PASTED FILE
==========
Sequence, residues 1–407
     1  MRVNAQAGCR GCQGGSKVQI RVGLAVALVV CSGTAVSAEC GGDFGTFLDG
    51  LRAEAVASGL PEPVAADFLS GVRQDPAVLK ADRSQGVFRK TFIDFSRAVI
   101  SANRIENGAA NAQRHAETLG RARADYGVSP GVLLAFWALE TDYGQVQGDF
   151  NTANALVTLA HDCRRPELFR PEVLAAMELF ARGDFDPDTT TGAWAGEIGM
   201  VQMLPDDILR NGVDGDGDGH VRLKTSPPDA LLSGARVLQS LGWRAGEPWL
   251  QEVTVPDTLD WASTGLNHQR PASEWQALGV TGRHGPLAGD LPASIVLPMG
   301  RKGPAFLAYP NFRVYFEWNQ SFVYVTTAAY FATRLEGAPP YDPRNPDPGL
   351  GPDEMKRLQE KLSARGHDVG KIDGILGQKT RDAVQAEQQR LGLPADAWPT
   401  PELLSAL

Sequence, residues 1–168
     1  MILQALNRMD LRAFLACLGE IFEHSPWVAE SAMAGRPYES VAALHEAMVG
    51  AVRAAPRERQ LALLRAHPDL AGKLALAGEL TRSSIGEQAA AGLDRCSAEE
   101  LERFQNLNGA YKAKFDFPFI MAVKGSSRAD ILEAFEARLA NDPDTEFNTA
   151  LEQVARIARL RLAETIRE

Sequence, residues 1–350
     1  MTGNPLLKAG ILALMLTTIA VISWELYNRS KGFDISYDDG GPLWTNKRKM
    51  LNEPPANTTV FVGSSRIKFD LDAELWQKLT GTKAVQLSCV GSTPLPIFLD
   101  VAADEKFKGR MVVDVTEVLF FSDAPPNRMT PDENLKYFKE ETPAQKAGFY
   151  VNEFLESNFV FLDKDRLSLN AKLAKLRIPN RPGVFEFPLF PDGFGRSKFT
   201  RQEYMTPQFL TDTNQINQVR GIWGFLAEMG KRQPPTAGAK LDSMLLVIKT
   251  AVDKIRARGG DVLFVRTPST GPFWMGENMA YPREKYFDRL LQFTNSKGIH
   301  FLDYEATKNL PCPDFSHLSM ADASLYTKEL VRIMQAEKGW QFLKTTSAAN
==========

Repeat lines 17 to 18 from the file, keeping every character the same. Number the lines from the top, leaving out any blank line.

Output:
     1  MTGNPLLKAG ILALMLTTIA VISWELYNRS KGFDISYDDG GPLWTNKRKM
    51  LNEPPANTTV FVGSSRIKFD LDAELWQKLT GTKAVQLSCV GSTPLPIFLD